All amusement parks are haunted. I mean, seriously, is there any other kind? Maybe the big theme parks like Disney World or Knott’s Berry Farm pretend not to be, but certainly there aren’t any in any Scooby Doo episode that I’ve ever seen. But Knott’s Berry Farm does become Knott’s Scary Farm every Halloween and even the Magic Kingdom undergoes a Jack Skellington-sponsored temporary makeover.
It’s July. Why do we care about haunted amusement parks? Shouldn’t we think about this kind of stuff in October when the nights come sooner and the wind whispers through the changing leaves? Right now, from Playland in Rye to Kennywood in Pittsburgh, every regional, half-forgotten, whole-heartedly loved park is running at capacity with only hints to the secrets and mysteries hidden beneath the midway.
I just finished reading Joyland, a new novel by Stephen King. It’s a coming of age story set in the 1973 fictional world of Joyland, an old-school park on the beach in North Carolina. There are broken hearts, murder, and the ghost of a long-dead girl in the park’s only dark ride, the Horror House. It is a sentimental, scary, and fast-ride of a book.
Whether or not you believe in the supernatural, every park has its own ghosts. For some it might just be the nostalgia of the rides that you loved that are no more. Mr. Toad’s Wild Ride? Six Flags Over Georgia’s Mo-Mo The Monster?The Alfred Hitchcock Show at Universal Studios Florida? Okay, maybe the Hitchcock show wasn’t much, but you get the point. For others, it’s the memories of old boyfriends or the lost days of childhood. The stolen kisses behind the shooting gallery or the queasy feeling of one bite too many of cotton candy.
For me, the most haunted park of all isn’t even there anymore. All that’s left of Opryland USA, other than memories of thousands of weary park goers, is a parking lot. Sure the Gaylord Opryland Hotel and the Roy Acuff Theater are still there, but the corkscrew tracks of the Wabash Cannonball and the white-water rapids of Grizzly River Rampage are gone.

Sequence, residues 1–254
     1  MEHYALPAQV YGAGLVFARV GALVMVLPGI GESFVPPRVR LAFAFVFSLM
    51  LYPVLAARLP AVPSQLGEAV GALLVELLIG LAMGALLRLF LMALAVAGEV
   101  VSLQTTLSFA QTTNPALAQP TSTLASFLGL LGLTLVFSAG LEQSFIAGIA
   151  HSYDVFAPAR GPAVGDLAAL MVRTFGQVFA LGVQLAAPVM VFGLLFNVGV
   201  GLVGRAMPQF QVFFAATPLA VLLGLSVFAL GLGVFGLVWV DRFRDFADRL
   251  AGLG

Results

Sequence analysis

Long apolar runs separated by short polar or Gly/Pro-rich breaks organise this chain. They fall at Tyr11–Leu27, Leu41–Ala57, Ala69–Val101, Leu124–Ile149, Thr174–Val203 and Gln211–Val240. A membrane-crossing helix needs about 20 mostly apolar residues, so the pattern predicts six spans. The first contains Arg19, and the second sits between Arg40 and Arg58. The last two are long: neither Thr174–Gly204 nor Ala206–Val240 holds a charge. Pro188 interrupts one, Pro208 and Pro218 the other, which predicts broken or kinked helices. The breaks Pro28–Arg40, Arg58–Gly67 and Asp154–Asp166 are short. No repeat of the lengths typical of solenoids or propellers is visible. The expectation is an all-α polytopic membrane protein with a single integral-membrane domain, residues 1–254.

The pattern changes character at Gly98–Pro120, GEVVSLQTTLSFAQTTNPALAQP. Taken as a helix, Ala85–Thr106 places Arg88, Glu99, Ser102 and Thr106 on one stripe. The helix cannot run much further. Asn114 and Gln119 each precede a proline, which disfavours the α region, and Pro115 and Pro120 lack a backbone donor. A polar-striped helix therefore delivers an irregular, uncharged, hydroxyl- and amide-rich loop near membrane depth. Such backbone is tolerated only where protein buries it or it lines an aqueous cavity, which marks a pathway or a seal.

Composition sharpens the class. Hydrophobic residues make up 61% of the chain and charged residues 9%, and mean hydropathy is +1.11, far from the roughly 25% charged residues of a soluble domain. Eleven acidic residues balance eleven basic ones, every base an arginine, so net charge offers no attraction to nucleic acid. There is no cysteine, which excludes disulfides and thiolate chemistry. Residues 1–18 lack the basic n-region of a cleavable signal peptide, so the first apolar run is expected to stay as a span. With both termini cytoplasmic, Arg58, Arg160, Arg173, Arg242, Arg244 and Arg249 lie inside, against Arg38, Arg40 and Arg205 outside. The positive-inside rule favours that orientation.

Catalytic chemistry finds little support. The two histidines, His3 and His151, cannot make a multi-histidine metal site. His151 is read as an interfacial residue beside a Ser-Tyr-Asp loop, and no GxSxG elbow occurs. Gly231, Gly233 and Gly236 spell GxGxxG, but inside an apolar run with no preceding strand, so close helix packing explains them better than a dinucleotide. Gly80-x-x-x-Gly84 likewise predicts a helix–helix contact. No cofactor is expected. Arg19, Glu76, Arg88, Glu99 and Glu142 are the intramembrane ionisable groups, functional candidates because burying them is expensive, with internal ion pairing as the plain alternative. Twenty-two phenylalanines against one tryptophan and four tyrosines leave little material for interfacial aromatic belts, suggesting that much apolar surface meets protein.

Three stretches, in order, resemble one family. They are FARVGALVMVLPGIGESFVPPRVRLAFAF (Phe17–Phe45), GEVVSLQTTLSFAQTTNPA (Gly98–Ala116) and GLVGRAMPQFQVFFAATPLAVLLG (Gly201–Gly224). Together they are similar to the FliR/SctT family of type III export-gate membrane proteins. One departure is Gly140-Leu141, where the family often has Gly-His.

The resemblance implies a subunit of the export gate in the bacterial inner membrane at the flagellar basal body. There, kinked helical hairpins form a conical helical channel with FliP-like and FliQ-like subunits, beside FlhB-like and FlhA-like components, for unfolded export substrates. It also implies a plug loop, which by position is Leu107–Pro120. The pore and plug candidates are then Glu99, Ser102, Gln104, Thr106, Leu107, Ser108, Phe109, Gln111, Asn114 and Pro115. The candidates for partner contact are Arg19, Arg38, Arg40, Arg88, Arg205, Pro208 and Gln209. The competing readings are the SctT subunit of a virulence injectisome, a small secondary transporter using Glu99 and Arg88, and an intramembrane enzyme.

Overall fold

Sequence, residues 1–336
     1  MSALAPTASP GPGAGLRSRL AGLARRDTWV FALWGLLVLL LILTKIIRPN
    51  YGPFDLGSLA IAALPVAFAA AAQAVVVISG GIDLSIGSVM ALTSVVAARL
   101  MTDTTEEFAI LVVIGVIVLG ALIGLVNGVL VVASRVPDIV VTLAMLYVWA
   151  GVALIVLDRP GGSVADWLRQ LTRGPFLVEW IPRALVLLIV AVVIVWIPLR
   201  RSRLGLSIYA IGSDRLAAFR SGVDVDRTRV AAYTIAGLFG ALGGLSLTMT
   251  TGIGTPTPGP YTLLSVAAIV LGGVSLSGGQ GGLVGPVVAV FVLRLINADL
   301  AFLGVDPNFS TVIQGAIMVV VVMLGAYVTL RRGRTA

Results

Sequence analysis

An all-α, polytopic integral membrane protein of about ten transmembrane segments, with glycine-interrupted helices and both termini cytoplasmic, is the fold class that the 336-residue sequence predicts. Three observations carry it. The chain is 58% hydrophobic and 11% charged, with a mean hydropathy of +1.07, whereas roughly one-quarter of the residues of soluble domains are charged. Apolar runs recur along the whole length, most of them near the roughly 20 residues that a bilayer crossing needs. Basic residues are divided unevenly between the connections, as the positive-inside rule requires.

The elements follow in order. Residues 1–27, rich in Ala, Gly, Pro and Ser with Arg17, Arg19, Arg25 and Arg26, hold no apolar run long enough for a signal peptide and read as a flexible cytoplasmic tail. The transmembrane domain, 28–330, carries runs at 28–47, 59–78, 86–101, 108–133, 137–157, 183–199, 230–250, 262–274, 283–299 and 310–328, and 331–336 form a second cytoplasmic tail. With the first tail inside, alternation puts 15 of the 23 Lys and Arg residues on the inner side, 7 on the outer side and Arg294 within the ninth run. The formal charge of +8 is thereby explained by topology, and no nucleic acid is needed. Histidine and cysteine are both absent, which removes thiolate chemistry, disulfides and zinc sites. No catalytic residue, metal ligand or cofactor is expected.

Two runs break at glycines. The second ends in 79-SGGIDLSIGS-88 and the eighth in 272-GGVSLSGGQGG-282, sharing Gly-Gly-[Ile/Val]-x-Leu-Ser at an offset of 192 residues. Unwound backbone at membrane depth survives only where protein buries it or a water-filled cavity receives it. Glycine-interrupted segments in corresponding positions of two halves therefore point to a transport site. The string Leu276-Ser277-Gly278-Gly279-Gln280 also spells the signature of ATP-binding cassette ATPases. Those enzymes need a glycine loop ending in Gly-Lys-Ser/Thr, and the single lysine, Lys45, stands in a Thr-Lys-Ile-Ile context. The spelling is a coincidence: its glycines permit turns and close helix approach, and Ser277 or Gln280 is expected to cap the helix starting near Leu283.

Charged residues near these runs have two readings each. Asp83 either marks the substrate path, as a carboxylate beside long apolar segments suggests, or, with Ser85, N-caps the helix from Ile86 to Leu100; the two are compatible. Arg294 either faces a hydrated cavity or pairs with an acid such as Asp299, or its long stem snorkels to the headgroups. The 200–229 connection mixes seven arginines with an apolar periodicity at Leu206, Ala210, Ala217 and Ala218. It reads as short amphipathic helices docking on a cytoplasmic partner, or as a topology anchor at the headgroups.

I worked a summer at Opryland when I was eighteen. It was the easiest seasonal job for a college student to get. Even so, I doubt there were many summer jobs where the kids worked harder. We sweat it out in the summer heat. We herded patrons to safety when the lightning warnings went off. (Note: The last place you want to be in a thunderstorm is floating through a water ride.)
We waved at the Opryland Railroad every time it passed. The waving was a job requirement. Even in the behind-the-scenes areas where only employees were allowed. If you could see that train and the people on the train could see you, you damn well better wave. People got fired for not waving at the train. Every Red Tag would tell you so. (The full time employees had red nametags. Us regulars had black ones.) More often than not, the day-to-day grind of the park meant I couldn’t work up a smile, but I waved. Every time. I waved.
That summer I learned every word to God Bless The USA, the final number at the Country Music USA show. I saw Cynthia Rhodes make a triumphant return to an Opryland stage after having a fictional abortion in Dirty Dancing and a real-life wedding to Richard Marx. I sold t-shirts next to the Little Deuce Coupe and took tickets at the Grand Ole Opry.
I think about Opryland every time I visit a theme park or a fair. I know how long those hours are and how hard it is to be polite to the twentieth person who asks for directions to the bathroom when you’re supposed to be on your break. I thought about it all as I read Joyland. Stephen King can tell a story for sure, but the magic is in the connection he makes with the reader. This reader, at least. The Dickensian ghosts of summer past. Of my summers’ past. As the owner of Joyland puts it in his speech on the first day of the season: “This is a badly broken world, full of wars and cruelty and senseless tragedy. Every human being who inhabits it is served his or her portion of unhappiness and wakeful nights. Those of you who don’t already know that will come to know it. Given such sad but undeniable facts of the human condition, you have been given a priceless gift this summer: you are here to sell fun.”
Roller coaster rides last less than five minutes. You spend more time drying out from a water ride than you actually spend riding it. Even a slow turning Ferris wheel eventually stops to let you off and make room for the next person in line. The memories of those days take up space in the dusty attic of your mind long after summer fades into fall. Those ghosts, Casper-friendly or Freddy Krueger-frightening, are the crazy alchemy of the carnival. It’s “carny from carny” as King would say in Joyland.
Like I said, every amusement park is haunted.